Which is why the “Live with Carnegie Hall” program should be a balm not only to those who watch but those who created it. Hosted by mezzo-soprano Isabel Leonard, the program will reflect Justice Ginsburg’s love of opera, featuring performances by vocalists Joyce DiDonato, Renee Fleming, Denyce Graves and Michaels, as well as interviews with James Ginsburg and his sister, Jane Ginsburg.
“I think it’s lovely that they want to do this with such great singers,” says James Ginsburg. “And the opportunity to be interviewed by someone like Isabel Leonard, whom I’ve greatly admired on the stage, and (get to) tell mom stories – what’s not to like?”
He appreciates that this will be “a tribute specifically about her connection to the music and opera and how much she inspired people in that realm. You could certainly see it when she visited backstage after a performance. I’m starry-eyed looking at these performers, and they’re starry-eyed looking at my mother!”
As for Justice Ginsburg’s legacy, James Ginsburg politely declines to comment.
“I’ve been trying to be very careful not to get political on this – I’ve turned down all interview requests of that nature,” he says. “When it comes to music, I love to tell that story. (But) I will not do a political interview about mom. On that front, her legacy should stand on its own. It was very important to her not to be looked on as a political figure – she was a judge. … She really wanted the court to be seen as not a partisan institution.”
Singer Michaels speaks more specifically of Justice Ginsburg’s work.
“I am remembering how wonderfully she expressed her opinions,” says Michaels, director of vocal studies at the University of Chicago and a lecturer in voice and opera at Northwestern University’s Bienen School of Music.
“Especially the dissenting ones were written so that in the future people could look at that as potential roadmaps. … The work that she was doing was always with an eye to the long view. Which is why I’ve named my song cycle ‘The Long View.’”
The opus originated in 2013, when siblings James and Jane Ginsburg were planning an 80th birthday celebration for their mother. They commissioned three composers — including Michaels — to set a text from Justice Ginsburg’s life, and “my mother-in-law really enjoyed the project,” Michaels told me last year.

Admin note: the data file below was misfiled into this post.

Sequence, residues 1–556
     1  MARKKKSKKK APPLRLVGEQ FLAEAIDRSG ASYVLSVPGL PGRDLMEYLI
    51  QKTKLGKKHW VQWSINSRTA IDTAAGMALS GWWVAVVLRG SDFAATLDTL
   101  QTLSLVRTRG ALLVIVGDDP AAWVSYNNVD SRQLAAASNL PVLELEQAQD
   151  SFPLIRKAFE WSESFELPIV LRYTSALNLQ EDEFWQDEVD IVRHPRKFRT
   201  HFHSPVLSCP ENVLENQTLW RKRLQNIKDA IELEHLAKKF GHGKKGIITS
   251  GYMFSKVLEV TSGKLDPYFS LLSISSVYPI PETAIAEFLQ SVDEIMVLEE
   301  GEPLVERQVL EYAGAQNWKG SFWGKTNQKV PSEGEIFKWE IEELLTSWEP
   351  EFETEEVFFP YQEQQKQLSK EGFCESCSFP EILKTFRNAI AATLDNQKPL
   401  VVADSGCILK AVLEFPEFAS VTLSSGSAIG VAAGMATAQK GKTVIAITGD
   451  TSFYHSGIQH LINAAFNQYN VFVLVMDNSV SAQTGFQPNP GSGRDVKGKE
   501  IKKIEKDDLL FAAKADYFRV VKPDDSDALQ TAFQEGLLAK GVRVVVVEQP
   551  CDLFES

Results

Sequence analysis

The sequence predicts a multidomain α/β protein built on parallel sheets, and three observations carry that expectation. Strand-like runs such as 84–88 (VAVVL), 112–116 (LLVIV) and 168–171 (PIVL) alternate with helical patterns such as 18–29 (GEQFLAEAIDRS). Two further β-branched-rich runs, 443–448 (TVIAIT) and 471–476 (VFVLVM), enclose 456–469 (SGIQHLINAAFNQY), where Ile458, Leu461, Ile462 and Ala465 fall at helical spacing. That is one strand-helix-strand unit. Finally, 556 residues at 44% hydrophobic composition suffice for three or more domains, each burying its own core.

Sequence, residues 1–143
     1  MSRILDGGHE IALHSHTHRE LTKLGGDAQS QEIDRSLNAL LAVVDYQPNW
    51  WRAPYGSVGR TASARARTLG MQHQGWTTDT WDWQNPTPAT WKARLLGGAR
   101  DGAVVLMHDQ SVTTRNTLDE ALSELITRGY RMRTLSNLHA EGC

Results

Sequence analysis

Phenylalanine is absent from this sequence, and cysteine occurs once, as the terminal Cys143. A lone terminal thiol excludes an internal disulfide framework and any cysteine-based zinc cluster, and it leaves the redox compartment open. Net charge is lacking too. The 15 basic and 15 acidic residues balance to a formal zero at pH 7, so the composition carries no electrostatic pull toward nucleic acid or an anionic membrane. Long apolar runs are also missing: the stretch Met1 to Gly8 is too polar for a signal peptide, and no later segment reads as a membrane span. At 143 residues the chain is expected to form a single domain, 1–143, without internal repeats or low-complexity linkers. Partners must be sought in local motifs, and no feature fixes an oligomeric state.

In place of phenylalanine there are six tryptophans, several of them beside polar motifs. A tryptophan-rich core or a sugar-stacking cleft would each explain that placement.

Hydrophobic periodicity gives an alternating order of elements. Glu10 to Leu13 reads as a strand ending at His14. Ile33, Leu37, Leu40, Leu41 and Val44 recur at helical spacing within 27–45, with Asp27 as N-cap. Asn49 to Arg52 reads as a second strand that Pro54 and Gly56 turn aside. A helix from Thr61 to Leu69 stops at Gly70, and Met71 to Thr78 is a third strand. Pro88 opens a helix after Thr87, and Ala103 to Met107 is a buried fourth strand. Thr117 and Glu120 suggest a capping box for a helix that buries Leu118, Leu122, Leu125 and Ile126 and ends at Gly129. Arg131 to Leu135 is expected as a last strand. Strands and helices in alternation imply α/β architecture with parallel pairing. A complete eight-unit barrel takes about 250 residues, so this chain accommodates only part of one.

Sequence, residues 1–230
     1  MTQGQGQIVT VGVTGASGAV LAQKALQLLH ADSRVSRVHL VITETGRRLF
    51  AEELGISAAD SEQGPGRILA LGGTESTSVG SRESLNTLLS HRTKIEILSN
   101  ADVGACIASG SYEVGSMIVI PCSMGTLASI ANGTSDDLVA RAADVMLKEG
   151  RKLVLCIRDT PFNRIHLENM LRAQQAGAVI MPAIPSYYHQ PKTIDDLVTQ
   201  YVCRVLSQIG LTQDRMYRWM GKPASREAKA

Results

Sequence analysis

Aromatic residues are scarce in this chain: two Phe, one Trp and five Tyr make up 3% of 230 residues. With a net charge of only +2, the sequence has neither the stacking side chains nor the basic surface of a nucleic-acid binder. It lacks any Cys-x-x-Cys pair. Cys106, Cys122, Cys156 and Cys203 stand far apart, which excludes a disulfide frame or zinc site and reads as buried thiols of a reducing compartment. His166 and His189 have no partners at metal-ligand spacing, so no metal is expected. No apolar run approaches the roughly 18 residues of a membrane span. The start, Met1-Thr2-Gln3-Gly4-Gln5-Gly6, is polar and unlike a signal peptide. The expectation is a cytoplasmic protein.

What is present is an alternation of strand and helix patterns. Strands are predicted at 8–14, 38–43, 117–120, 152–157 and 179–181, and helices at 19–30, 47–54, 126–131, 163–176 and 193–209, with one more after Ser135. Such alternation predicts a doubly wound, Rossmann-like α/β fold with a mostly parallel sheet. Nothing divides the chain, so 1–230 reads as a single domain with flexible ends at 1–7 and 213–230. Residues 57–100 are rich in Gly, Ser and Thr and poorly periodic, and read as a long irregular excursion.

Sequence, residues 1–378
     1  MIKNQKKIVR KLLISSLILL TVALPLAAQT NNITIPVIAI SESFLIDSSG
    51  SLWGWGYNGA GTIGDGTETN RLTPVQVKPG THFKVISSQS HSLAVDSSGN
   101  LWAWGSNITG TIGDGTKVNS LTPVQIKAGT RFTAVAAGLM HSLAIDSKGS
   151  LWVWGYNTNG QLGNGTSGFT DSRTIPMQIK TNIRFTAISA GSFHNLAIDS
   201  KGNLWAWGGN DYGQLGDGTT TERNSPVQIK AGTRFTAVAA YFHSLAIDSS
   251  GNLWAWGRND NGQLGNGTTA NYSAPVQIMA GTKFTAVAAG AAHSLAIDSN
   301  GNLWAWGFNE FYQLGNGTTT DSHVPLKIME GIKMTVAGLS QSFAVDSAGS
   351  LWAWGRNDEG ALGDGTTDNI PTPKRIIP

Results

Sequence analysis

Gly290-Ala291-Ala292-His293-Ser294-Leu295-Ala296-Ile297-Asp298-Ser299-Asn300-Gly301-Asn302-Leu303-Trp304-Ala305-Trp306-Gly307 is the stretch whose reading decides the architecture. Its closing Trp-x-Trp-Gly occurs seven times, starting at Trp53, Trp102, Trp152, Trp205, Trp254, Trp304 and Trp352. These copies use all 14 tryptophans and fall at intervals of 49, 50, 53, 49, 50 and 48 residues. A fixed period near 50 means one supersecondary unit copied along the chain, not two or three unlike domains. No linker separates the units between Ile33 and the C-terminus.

Afterward, Justice Ginsburg sent her son and daughter-in-law photographs of the birthday party and included a note that read: “For James and Patrice, with appreciation for making 80 feel like 50, and love only music can convey.”
Then “it occurred to me that there could be an actual song cycle providing a more complete portrait of her, especially from the point of view of how others have been affected by her, and how their experiences are part of our American experience of developing social equality,” Michaels told me last year. “I asked her permission to create something larger.”
Justice Ginsburg agreed and the result was “The Long View,” which Michaels has been performing regularly since the album’s release in 2018. Her last concert before the pandemic was of “The Long View” at the Illinois Holocaust Museum & Education Center, in Skokie (where a “Notorious RBG” exhibit is on view through Jan. 3). The event reminded Michaels again of Justice Ginsburg’s wide reach in American life.
“I’ve enjoyed it immensely, seeing little girls and their families come to these performances, seeing elderly people who have some connection to where she grew up,” says Michaels. “All kinds of people enjoying this has been phenomenally satisfying.”
For listeners as well.
“Live with Carnegie Hall: Remembering Ruth Bader Ginsburg,” a free event, will go online at 7:30 p.m. Eastern Nov. 19 at https://www.carnegiehall.org/events.